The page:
Hiking in the rain can be a joy—or misery. It all depends on your gear and your attitude. Freezing fingers are a big-time downer. But choosing the right pair of gloves can help keep your digits comfortable so you can tick off the trail miles and stay happy, too.
We asked Lauren Taylor, our product manager for gloves and resident expert on keeping fingers toasty, for advice. Here are her tips for picking out the best pair of gloves for rainy weather.
Look for both water protection and breathability.
Gloves for wet weather can be either water resistant or waterproof, but they also need to be breathable. “Your hands expel a lot of heat, especially when gripping an item like trekking poles, due to conduction,” Taylor says. “If you can keep the skin on your hands dry and allow for air-flow of your hand’s heat from rising blood flow, you will have dry and comfy hands, despite the rain.”
Be open to different types of fabric.
“We have several fabrics that fit this bill, namely our Pertex Shield nylon ripstop fabrics,” Taylor says. ‘We use other fabrics that have either a membrane (waterproof layer bonded to the face fabric), or fabrics with a PU or TPU finish. Rain will roll right off these kinds of fabrics!”
For super wet conditions, look for a mitt with seam taping.
Seam tape is used to bond seams to make sure rain cannot penetrate any point on the mitt, Taylor says. “The Revel Shell Mitts are made of WR treated fabrics that are then seam taped,” she says. Plus, they’re lightweight, crushable and ultra-breathable. “These are great to throw in your pack if you’re expecting rain, and slide right over your liner glove should you need the added protection.”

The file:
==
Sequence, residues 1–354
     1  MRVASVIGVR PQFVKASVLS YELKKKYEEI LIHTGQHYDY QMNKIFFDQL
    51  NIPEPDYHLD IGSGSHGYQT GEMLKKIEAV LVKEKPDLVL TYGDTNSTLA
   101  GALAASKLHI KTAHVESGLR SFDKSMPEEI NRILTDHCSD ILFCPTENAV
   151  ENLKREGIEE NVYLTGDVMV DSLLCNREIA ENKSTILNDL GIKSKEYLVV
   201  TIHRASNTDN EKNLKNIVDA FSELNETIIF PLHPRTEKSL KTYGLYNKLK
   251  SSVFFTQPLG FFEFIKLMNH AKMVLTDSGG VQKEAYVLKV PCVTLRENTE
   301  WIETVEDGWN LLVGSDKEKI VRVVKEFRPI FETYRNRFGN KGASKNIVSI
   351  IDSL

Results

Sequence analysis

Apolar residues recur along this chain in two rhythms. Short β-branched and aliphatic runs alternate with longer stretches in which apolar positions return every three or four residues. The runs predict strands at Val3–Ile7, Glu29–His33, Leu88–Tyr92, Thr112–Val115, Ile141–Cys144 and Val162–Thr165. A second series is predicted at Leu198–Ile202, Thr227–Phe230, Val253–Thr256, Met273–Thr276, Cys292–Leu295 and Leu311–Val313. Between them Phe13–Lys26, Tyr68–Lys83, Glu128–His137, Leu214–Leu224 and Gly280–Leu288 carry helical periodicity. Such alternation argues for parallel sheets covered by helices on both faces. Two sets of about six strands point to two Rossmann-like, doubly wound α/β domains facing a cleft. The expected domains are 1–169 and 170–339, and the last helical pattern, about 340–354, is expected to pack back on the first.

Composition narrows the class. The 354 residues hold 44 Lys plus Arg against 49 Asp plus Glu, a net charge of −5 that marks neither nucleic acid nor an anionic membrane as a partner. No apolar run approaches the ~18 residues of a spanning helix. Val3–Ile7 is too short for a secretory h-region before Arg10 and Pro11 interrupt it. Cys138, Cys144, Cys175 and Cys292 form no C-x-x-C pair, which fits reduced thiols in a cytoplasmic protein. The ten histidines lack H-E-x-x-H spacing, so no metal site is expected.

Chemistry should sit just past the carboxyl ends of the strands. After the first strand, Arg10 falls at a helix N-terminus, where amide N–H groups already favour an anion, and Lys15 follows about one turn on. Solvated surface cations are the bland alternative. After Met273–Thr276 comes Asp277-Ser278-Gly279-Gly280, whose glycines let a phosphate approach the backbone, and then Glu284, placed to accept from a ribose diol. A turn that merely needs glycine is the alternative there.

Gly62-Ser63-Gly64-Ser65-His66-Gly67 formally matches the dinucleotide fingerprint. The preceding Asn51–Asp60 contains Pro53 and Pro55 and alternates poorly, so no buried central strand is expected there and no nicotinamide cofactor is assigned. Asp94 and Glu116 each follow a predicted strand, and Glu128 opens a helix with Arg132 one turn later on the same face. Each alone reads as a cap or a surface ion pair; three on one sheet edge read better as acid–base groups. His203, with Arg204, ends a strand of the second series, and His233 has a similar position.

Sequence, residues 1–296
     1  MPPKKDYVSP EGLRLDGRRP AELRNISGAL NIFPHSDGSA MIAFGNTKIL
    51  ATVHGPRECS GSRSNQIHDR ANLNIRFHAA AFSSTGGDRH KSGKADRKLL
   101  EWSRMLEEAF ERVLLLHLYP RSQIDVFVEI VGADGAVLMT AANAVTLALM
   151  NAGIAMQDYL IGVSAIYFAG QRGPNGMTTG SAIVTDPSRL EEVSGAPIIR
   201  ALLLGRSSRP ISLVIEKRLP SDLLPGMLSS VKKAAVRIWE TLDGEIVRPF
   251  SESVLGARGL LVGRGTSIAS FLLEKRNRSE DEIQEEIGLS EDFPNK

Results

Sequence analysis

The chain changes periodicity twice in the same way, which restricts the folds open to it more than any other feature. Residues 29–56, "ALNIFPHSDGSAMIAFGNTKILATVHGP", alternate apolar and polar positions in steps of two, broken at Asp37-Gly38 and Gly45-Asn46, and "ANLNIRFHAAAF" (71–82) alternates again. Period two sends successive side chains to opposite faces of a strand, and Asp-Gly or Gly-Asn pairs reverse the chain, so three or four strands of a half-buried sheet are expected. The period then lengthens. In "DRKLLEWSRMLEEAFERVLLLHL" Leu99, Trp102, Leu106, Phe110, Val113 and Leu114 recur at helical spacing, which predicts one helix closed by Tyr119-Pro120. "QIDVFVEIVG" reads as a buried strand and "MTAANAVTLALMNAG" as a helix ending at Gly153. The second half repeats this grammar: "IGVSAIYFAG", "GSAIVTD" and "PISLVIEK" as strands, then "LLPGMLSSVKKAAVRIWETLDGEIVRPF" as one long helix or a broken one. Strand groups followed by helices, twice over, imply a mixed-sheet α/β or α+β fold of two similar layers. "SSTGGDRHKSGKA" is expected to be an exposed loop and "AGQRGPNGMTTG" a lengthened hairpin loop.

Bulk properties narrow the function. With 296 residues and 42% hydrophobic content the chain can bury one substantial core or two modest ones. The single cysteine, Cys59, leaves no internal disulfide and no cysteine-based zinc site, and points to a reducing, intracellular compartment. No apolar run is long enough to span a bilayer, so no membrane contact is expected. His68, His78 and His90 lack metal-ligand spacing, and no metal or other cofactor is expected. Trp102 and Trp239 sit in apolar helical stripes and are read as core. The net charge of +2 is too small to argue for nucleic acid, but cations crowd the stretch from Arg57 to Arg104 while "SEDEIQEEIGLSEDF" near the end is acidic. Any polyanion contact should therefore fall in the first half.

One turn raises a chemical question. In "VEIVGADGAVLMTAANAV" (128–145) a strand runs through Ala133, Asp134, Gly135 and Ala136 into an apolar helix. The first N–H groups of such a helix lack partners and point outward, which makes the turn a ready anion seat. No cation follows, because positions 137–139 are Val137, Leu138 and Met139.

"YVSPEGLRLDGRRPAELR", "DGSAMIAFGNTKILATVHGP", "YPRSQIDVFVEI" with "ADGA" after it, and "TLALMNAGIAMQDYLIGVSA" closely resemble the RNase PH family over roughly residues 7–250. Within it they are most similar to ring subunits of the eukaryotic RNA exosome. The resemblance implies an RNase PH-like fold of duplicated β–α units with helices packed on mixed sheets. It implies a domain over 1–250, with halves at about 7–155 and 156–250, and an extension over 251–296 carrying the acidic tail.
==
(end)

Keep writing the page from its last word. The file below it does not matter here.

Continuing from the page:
If you’re not sure what the weather will do, a convertible glove is a great choice.
If you think you’ll run into rain, but might not be in constant showers, a glove that comes with a built-in shell is a great option. “Versaliner Sensor Gloves and the Overdrive Convertible Sensor Gloves are both a fleece glove with silicone grip at the palms that have a convertible shell component that can slip over the fleece glove and magically make your glove system very water resistant,” Taylor says. They’re made of a lightweight ActiveTemp fleece that regulates your hand temperature as it changes, and while they’re not considered water-PROOF because moisture could technically work it’s way into the shell gloves seams, Taylor says they’re great for those hikes when it won’t be raining the whole time, or you will just be in a constant mist—as we normally are in Seattle.
BEST GLOVES FOR HIKING IN THE RAIN